In the truest spirit of the jazz tradition, Carla White devoted her life to artistic exploration and growth. Born in Oakland, California and raised in Bellport, New York, Carla earliest musical education came from her parents' record collection, listening to "everything from Stravinsky to Sinatra" But her discovery of jazz at the age of 13 had a profound effect, setting her future in motion. "The first time you hear jazz - really hear it", she explains, "if it connects with your soul, it changes your life."
After years of study in music, drama and dance that included two years at London's prestigious Webber- Douglas Academy of Dramatic Art, she embarked on a personal journey of exploration through Europe and North Africa. For nearly a year she traveled amidst the rich cultural diversity, singing in the streets, and even living in a cave. Remembering that uniquely edifying time Carla says: "I traveled in an old VW van with no planned itinerary. I went wherever I felt like going whenever I felt like going there. The one exception was Franco's Spain where I spent a night in prison for no reason other than being young and foreign. Everyday was a leap into the unknown. Now I satisfy my desire for adventure by leaping into a solo and exploring new musical territory. "
Upon returning to New York City in the early 70's, her jazz studies began in earnest with the legendary innovative pianist/composer Lennie Tristano. Combining the lessons learned from her mentor with the age-old jazz method of singing along with recordings of master improvisers like Lester Young, Charlie Parker, Billie Holiday and Fats Navarro, Carla developed the jazz vocabulary that has earned her such critical praise as:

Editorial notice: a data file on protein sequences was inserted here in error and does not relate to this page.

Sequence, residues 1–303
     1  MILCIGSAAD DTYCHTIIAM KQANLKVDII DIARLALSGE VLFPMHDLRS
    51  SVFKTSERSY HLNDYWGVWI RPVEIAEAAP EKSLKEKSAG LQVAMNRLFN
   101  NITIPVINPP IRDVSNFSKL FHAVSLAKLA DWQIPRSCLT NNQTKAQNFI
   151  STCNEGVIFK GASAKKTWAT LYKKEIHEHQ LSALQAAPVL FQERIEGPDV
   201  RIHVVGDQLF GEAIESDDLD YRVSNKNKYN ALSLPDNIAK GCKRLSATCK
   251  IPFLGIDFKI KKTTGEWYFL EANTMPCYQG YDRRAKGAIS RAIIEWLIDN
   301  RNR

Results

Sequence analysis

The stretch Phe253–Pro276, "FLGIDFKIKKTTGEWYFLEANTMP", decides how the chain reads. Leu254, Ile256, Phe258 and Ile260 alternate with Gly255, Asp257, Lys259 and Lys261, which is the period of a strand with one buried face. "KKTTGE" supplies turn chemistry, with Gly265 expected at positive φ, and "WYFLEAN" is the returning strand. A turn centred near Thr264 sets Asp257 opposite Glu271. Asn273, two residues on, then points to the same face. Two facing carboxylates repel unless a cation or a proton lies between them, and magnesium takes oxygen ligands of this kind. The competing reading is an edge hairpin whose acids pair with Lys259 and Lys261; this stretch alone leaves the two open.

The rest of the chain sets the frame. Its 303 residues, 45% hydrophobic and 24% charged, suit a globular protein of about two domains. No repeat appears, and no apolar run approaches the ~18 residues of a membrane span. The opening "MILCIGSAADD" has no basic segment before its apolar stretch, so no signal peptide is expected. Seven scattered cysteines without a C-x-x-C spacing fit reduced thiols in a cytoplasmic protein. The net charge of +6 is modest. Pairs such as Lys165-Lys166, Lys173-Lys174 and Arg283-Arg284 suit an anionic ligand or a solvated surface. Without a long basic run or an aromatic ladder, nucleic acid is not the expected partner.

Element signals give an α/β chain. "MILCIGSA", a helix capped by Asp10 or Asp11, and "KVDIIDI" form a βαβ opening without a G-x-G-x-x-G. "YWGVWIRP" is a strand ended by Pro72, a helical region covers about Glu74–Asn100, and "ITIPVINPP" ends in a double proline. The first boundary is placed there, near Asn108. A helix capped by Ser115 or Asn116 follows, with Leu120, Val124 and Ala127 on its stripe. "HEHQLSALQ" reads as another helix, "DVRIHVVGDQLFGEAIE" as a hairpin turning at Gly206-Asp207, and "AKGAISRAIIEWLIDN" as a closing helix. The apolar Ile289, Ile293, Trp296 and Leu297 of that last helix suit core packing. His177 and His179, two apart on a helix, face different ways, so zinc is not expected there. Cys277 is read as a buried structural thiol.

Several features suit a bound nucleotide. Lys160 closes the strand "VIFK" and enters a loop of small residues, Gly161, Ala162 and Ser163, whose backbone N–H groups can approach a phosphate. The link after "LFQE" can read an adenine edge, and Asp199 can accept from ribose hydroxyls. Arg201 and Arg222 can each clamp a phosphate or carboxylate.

"One of the most impressive performers to come along in years ...an unusually accomplished interpreter" (Howard Reich, Chicago Tribune): and "a singer who blends interpretive intelligence -with a solid musical grounding and a sure sense of swing" (Don Heckman, Los Angeles Times).
After Tristano's death in 1978, Carla continued her studies with another of his proteges, saxophonist Warne Marsh. Focusing on scat singing in the wordless instrumental style that has always been the cornerstone of jazz vocalizing, she established her first band, a bebop quintet with trumpeter Manny Duran and did a recording for Stash Records, Andruline. Cadence Magazine declared, "Carla White is a scat singer like the Pope is Catholic."
Taking every opportunity to learn and grow, Carla waited tables at Hanratty's a now defunct, but well-known New York club that featured top stride pianists like Dick Wellstood, Ralph Sutton,Davee McKenna and Johnny Guarnieri. Working the late shift, she would often perform a few numbers with the featured pianists, learning in the most classic on-the-bandstand tradition.